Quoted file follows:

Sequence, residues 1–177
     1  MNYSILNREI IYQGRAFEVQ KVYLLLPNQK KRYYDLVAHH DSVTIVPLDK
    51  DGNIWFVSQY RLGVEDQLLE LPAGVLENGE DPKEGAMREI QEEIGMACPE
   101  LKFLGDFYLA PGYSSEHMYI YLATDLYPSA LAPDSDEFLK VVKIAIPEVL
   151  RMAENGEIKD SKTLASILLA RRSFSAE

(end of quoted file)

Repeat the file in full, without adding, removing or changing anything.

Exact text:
Sequence, residues 1–177
     1  MNYSILNREI IYQGRAFEVQ KVYLLLPNQK KRYYDLVAHH DSVTIVPLDK
    51  DGNIWFVSQY RLGVEDQLLE LPAGVLENGE DPKEGAMREI QEEIGMACPE
   101  LKFLGDFYLA PGYSSEHMYI YLATDLYPSA LAPDSDEFLK VVKIAIPEVL
   151  RMAENGEIKD SKTLASILLA RRSFSAE